Concerto for Orchestra (Sessions)

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The Concerto for Orchestra is a composition for orchestra by the American composer Roger Sessions. The work was commissioned by the Boston Symphony Orchestra and premiered October 23, 1981, with conductor Seiji Ozawa leading the Boston Symphony Orchestra. The concerto was Sessions's last orchestral composition and won him the 1982 Pulitzer Prize for Music.[1] Sessions had previously won a special lifetime achievement Pulitzer Prize in 1974 "for his life's work as a distinguished American composer."[2][3] The piece was honored with a performance at the closing of the 50th Tanglewood Music Festival in 2014.[4][5]

Reception[edit]

Andrew Porter of The New Yorker praised the work, saying, "One ascends it with animated tread, moves with slow wonder across its central reach, speeds again toward its close, and at the end pauses for a moment, quietly rapt, to consider both the journey made and the realms to which it may lead."[6]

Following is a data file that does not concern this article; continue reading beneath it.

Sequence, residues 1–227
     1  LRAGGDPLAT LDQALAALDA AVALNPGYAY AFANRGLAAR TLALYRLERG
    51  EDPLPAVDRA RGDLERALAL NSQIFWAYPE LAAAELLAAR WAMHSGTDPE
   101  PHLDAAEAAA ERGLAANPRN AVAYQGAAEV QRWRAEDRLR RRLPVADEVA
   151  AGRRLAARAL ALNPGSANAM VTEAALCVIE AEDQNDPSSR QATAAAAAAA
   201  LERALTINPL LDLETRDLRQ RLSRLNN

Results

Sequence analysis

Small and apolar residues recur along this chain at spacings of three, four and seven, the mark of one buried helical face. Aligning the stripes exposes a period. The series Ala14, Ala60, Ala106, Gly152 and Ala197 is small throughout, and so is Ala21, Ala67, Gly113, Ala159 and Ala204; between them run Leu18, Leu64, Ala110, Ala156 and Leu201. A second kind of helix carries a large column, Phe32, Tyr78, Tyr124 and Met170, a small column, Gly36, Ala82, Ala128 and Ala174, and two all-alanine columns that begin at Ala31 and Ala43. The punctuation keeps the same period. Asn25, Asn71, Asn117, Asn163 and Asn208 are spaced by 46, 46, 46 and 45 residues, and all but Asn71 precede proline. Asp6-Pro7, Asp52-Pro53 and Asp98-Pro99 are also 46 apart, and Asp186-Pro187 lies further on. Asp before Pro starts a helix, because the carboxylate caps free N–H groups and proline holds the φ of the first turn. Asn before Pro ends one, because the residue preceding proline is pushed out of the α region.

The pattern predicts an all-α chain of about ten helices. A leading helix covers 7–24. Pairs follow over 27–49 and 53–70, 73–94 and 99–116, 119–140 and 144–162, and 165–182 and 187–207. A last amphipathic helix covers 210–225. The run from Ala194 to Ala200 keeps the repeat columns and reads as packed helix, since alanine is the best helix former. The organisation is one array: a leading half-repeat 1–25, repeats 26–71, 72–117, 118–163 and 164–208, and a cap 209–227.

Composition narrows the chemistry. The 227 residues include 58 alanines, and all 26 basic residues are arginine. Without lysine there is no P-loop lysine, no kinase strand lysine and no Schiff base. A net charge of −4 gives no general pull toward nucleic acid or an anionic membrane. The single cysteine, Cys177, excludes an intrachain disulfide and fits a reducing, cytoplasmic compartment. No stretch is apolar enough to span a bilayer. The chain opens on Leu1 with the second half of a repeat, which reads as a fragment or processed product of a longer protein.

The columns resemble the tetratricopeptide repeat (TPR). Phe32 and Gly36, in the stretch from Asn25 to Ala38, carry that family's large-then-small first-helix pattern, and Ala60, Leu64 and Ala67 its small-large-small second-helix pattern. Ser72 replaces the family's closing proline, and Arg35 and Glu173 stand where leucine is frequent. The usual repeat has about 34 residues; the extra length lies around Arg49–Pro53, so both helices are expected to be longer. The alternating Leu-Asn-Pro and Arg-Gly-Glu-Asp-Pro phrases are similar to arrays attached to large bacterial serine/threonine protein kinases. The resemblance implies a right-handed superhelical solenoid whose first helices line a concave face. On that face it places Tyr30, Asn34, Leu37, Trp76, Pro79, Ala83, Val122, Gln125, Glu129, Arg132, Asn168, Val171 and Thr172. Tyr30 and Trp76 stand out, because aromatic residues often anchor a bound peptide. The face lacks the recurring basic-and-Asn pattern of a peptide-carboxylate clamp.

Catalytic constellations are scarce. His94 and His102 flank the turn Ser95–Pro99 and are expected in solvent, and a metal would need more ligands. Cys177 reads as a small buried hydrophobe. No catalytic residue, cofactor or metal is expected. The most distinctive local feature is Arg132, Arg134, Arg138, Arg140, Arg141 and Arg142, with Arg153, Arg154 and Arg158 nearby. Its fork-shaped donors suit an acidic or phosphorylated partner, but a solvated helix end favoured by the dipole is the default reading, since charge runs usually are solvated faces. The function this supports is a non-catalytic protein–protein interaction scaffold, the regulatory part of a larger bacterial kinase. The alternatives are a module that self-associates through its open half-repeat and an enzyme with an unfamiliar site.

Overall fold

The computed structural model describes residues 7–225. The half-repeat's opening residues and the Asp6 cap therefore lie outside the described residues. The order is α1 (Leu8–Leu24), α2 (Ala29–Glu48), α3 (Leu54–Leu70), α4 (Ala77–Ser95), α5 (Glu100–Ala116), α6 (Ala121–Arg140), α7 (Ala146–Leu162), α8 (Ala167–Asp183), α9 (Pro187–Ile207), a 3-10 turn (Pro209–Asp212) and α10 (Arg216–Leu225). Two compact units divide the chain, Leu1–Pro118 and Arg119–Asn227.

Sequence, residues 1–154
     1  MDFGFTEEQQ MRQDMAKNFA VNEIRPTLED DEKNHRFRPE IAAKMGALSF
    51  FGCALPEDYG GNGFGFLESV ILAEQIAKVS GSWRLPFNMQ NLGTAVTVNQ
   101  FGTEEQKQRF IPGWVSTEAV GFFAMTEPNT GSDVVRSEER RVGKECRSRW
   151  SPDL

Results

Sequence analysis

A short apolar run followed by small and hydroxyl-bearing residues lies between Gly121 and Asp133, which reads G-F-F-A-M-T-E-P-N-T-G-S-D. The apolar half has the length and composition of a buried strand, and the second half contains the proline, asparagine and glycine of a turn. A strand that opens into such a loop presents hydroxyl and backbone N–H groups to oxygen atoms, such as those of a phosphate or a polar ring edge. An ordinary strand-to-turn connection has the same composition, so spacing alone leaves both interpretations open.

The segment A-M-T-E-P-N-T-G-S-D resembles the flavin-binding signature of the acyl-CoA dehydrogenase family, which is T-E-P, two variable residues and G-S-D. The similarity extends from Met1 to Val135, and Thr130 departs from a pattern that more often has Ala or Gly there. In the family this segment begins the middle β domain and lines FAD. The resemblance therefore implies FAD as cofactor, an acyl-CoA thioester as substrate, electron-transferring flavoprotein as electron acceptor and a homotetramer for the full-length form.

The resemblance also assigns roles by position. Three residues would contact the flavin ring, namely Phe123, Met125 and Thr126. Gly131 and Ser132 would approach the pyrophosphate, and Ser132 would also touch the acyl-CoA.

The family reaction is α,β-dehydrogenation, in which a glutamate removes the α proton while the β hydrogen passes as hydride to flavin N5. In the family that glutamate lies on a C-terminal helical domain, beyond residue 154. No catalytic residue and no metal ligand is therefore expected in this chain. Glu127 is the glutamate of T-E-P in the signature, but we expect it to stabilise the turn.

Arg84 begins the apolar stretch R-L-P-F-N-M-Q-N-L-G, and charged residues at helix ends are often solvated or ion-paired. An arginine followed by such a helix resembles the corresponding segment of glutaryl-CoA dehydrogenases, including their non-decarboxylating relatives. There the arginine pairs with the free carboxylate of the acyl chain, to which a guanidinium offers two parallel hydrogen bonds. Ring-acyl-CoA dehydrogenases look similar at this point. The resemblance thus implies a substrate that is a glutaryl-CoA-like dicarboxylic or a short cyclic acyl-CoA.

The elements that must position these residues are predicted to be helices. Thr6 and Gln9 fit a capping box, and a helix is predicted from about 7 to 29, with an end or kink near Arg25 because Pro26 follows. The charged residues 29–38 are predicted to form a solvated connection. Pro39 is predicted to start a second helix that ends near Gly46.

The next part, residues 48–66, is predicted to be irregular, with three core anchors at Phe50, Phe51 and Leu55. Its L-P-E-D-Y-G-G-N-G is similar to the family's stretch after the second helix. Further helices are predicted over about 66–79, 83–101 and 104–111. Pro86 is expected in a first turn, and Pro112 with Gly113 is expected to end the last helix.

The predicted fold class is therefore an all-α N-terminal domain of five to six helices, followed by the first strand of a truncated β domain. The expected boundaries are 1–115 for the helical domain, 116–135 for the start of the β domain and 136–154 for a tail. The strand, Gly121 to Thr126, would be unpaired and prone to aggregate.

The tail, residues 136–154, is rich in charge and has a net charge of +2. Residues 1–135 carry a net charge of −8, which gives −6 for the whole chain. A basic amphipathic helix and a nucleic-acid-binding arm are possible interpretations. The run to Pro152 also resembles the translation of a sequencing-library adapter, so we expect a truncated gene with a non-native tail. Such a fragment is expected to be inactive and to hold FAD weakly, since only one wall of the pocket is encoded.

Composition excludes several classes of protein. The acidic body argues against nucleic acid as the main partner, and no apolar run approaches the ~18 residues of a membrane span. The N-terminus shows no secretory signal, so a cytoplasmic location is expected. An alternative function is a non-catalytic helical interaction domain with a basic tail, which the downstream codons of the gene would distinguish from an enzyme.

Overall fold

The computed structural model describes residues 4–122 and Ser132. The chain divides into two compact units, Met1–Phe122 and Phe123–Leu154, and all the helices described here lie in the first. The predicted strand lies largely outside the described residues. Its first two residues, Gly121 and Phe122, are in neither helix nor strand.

References[edit]

  1. ^ Olmstead, Andrea (August 6, 2012). Roger Sessions: A Biography. Routledge. pp. 366–367. ISBN 1135868921.
  2. ^ Kihss, Peter (April 13, 1982). "Sessions, Sylvia Plath and Updike Are Among Pulitzer Prize Winners". The New York Times. Retrieved April 22, 2015.
  3. ^ Johnston, p. 1253.
  4. ^ Woolfe, Zachary (July 22, 2014). "At 50, Festival Is Reunion of Sorts: Tanglewood Holds Its 50th Celebration of Contemporary Music". The New York Times. Retrieved April 22, 2015.
  5. ^ Simpson, Eric C. (July 23, 2014). "Festival of Contemporary Music offers a feast of newish works at Tanglewood". Boston Classical Review. Retrieved April 22, 2015.
  6. ^ Porter, Andrew (November 9, 1981). "Music Review". The New Yorker. Retrieved April 22, 2015.

Sources[edit]

  • Johnston, Blair (2005). Woodstra, Chris; Brennan, Gerald; Schrott, Allen (eds.). All Music Guide to Classical Music: The Definitive Guide to Classical Music. Backbeat Books. ISBN 0879308656.